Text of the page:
Above: Campfire at Melako community conservancy – Marsabit county. courtesy NRT
Published: The East African Nation media 16-22 May 2020
After COVID-19, escape to Kenya’s northern-scape or even now if you’re not in Nairobi or Mombasa during
By Rupi Mangat
It is from the shoulder of god’s mountain that you get that first unforgettable view of the land below that stretches into infinity. It’s the plains and peaks of the northern frontiers of Kenya that is so alive with peoples, wildlife and cultures unique to this part of the world, adapted to the searing sun and resilient flora.
Until 20 years ago most of it was unknown to the outside world until the success of Lewa Conservancy that became one of the first black rhino sanctuaries during the infamous poaching era that saw the country’s rhino numbers crash from 20,000 black rhino in the 1970s to fewer than 300 by the 1980s.
Above: Approaching Murchison falls in the National Park. Copyright: i Rupi Mangat 2017
Published: The East African Nation media
Part 2 of 2
By Rupi Mangat
At first glance Masindi gives the impression of a one-street, non-descript town with relics of colonial architecture. But is has interesting history as Sally Wareing, the retired octogenarian teacher who bought a run-down hotel and turned it into a charming garden hotel called New Garden View Court Hotel. It’s 90 kilometres from the world’s most powerful waterfall, Murchison.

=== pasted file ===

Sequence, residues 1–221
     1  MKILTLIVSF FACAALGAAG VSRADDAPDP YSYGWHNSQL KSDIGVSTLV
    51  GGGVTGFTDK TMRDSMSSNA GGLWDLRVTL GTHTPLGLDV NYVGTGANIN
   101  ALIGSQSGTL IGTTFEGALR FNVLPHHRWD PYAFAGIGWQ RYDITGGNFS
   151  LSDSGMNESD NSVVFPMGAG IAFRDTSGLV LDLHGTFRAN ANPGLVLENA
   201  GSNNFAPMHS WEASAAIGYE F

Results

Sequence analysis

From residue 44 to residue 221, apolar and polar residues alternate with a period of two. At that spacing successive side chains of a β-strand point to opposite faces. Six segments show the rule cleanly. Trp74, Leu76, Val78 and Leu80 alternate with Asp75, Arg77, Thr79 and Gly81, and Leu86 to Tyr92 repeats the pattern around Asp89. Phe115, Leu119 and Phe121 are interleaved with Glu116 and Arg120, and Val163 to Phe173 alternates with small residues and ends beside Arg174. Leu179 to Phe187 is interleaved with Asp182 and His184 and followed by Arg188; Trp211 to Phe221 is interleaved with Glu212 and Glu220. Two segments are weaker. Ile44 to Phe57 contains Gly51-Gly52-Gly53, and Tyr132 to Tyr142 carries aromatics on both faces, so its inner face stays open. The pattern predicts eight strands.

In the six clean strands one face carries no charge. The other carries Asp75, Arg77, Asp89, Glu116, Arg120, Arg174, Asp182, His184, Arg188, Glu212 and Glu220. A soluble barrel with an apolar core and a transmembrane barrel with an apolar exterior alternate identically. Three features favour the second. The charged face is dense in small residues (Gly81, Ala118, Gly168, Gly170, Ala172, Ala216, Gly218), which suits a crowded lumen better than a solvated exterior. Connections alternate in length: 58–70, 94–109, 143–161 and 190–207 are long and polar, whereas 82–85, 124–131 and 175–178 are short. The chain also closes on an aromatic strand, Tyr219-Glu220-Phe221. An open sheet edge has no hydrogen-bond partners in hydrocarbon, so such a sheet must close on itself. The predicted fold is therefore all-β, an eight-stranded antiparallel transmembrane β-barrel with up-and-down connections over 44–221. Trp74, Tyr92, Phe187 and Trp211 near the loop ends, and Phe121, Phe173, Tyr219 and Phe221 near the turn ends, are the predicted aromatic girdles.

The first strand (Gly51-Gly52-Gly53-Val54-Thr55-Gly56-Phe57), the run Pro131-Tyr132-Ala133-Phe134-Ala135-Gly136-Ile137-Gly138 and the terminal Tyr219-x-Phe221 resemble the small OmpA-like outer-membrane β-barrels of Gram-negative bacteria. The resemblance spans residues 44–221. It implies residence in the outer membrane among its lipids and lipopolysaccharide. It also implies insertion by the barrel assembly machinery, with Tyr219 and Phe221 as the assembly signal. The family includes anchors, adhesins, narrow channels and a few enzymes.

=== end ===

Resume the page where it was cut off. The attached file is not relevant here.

Above: The gate at Ruma National Park of the roan antelope. Copyright Rupi Mangat
Published: The East African Nation 14 April 2008
Only 40 surviving today – 2020.
If you think that only the African Rhino and elephant are endangered or a target of poachers, you are wrong. There are many other animals threatened with extinction who, unfortunately, are little known and rarely heard of.
Kenya’s roan antelope falls in this category. Today, this subspecies of the roan, Hippotragus equines langheldi, is only found in one tiny area in the world — Ruma National Park in western Kenya. At one time its territory stretched all the way from the Mara grasslands to Ruma. It was also found in other areas such as the Ithanga hills in Thika.
Above: Lion defending his prey from Silver-backed jackals and Ruppell’s vultures listed Critically endangered on IUCN Red List in Soysambu . By Rupi Mangat
Published: Saturday magazine 4 January 2019
A vulture circling high in the midday sky gives the first clue that there has to be something interesting on the ground. Following its wing-beat through a pair of powerful binoculars, the carrion-eater has its eye on a pride of five lions on open plain gorging on a freshly killed cow in Soysambu Conservancy bordering Lake Elmenteita in the Great Rift Valley.
The vulture that turns out to be a Ruppell’s vulture is late to arrive. On the ground there’s a flock of 70 vultures keeping a respectful distance from the lions, waiting for their turn patiently. There are three species: Ruppell’s and White-backed with a lonely Hooded one. The Hooded Vulture is smaller than the other two and keeps to the pecking order. All three species are on the IUCN Red List as Critically Endangered.
The Silver-backed jackals are more daring. They dart to and fro stealing bites off the carcass only to scamper when the big cat growls.
It’s like watching a wildlife documentary in real life.
Four lions stride away to a tree and slump down in the shade. For the nest two hours, the cats take turns to feed not allowing the jackals or the vultures to steal them of their kill.